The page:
A digital media venture which promises to "get any song" into the Australian sales charts for a fee is causing a stir down under.

Chartfixer aims to do exactly as its title suggests. Essentially, its model is a cashback system where downloaders are paid a small profit for buying a song from the iTunes Music Store. It's a simple system, but it's attracting industry fury.

Here's how it works. A "musician" who wants to participate must pay a sum to Chartfixer. The fee is based on a sliding scale according to how many downloads the artist or their handlers want to sell.

For $6,000 Australian ($5,000), Chartfixer will crowd-source "downloaders" to buy 1,000 digital copies -- a sales tally high enough to crack the Top 80 of the ARIA singles chart on a typical week. For the more ambitious, $30,000 Australian ($25,000) will buy 5,000 sales and a potential Top 20 entry in the ARIA chart.

The service encourages its "downloaders" to buy from iTunes, where tracks typically cost just $1.69 Australian ($1.41). After each sale, the "downloader" can claim for the price of the track -- and only one track -- and obtain a reward of just over one (Australian) dollar.

Australian labels association ARIA is not impressed with ARIA CEO Stephen Peach stating that sales for any release found to be using this service would be disqualified.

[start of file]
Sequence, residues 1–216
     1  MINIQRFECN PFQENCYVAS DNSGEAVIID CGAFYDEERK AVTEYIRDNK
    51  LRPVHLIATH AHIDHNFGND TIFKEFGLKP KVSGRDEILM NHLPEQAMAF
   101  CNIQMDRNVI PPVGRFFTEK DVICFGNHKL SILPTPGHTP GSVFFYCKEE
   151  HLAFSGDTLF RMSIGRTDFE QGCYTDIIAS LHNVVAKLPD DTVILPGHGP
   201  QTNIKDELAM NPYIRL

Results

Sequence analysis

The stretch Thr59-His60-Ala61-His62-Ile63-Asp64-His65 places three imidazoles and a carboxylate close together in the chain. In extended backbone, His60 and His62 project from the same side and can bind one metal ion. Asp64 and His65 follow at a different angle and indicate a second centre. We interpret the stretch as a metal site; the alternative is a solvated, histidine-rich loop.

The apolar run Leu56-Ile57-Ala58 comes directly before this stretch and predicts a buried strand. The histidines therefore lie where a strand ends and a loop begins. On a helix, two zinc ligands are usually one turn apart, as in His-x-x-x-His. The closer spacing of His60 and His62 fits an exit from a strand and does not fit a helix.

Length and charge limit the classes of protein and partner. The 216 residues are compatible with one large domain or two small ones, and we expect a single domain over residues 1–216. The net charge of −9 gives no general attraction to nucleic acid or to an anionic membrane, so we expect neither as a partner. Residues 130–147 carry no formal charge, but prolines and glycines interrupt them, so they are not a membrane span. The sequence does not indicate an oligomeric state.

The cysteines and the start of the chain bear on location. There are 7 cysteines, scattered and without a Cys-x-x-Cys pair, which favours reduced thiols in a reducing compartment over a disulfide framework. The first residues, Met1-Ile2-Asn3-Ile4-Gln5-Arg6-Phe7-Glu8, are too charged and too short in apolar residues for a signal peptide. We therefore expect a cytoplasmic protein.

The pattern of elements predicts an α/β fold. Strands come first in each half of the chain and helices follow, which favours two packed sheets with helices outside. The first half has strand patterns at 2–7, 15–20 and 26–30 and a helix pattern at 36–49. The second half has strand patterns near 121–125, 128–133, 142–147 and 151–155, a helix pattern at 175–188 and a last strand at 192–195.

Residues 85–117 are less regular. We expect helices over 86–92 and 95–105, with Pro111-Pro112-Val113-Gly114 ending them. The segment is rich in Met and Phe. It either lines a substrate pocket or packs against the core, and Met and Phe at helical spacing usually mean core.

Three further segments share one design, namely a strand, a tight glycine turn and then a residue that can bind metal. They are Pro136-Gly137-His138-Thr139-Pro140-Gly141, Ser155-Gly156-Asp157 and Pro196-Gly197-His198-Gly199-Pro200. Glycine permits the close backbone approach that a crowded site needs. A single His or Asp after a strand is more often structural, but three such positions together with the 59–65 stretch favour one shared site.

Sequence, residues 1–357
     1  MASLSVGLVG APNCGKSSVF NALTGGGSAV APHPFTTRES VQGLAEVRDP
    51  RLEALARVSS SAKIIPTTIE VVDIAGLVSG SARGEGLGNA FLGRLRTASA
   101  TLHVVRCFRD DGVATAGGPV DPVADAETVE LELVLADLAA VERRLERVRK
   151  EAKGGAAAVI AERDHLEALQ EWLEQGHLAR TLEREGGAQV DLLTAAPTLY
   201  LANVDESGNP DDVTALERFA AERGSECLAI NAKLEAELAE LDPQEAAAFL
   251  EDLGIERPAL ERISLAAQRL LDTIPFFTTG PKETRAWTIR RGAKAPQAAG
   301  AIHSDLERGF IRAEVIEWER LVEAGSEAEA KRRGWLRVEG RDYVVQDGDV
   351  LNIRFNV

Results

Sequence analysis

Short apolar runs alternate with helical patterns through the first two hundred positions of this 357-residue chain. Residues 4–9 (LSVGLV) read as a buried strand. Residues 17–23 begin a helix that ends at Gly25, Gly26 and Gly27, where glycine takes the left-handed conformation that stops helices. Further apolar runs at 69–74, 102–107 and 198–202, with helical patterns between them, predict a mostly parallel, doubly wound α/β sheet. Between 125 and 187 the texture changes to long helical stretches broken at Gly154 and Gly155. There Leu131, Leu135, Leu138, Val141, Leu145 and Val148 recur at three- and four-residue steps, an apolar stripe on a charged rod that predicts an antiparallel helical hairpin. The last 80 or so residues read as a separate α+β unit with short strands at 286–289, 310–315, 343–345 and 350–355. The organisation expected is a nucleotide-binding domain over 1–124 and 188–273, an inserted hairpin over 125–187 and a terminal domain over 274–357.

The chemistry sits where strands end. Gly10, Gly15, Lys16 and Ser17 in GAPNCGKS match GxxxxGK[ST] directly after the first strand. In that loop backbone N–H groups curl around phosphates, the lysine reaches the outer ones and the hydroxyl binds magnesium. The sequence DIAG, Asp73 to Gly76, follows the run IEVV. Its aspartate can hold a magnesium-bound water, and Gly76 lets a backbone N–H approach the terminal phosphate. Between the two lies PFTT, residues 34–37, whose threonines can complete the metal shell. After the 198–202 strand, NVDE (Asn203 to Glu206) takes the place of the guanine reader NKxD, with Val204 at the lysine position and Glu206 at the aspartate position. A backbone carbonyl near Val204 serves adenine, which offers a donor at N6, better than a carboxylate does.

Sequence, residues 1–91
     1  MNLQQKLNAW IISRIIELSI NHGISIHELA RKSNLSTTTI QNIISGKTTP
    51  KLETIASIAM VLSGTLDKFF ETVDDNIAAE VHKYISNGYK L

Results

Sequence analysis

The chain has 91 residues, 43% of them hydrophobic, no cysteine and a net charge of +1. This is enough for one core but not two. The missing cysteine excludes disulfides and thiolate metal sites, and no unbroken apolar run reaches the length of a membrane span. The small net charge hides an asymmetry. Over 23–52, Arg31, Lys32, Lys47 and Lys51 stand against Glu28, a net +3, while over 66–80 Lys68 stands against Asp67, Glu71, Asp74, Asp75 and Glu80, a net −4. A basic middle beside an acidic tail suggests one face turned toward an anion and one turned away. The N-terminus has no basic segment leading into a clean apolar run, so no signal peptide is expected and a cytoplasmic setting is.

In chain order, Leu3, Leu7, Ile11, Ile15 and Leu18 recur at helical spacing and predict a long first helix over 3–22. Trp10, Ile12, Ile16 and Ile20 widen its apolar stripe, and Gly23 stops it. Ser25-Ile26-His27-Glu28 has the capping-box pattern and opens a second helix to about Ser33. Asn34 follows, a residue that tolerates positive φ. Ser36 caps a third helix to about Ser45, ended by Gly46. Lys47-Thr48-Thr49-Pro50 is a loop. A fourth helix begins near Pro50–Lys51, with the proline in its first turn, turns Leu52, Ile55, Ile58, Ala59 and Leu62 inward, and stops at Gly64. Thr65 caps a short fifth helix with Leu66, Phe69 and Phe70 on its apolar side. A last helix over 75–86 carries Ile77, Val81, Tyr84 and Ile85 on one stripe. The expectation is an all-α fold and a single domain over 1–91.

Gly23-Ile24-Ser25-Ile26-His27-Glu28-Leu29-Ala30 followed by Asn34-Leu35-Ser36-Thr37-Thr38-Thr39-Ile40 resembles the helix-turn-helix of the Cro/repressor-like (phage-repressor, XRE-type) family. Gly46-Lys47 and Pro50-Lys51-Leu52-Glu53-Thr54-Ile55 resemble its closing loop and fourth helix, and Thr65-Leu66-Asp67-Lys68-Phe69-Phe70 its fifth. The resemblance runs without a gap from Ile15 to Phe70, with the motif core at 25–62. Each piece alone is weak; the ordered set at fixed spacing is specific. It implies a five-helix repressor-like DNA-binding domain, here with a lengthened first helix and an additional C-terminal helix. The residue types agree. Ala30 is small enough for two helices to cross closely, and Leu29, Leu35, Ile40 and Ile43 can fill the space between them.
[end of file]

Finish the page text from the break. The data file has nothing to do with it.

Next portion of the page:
"ARIA will take all necessary steps to preserve the integrity and accuracy of the ARIA Charts," he adds. Sources tell Billboard.biz that Apple is similarly far from happy with the situation, however, a spokesperson for the company declined to comment.

Billboard.biz has had email correspondence with the founder of the Australian-based company, who chooses to remain anonymous.

"ARIA has nothing to fear," says the unidentified entrepreneur. "Chartfixer is not illegal, and though its name may suggest otherwise, Chartfixer does not actually fix or rig the ARIA charts. It is nothing more than another promotional service available to musicians or record labels."

Currently, Chartfixer is running two separate sales campaigns, one for the Stone Temple Pilots song "Between the Lines" and another for the Chemical Brothers track "Swoon."

When approached by Billboard.biz, EMI distanced itself from the Chemical Brothers campaign. An EMI spokesman says the music major wasn't asked for the use of the track, and reiterated that it "does not condone any form of chart manipulation." A Warner Music representative did not respond to requests for comment on the Stone Temple Pilots campaign by deadline.

Chartfixer says it is viewing the Australian market as a tester before spring boarding into other territories. When asked what country Chartfixer was eyeing up next, the company's founder pointed to the U.K., adding that the U.S. is in its sights.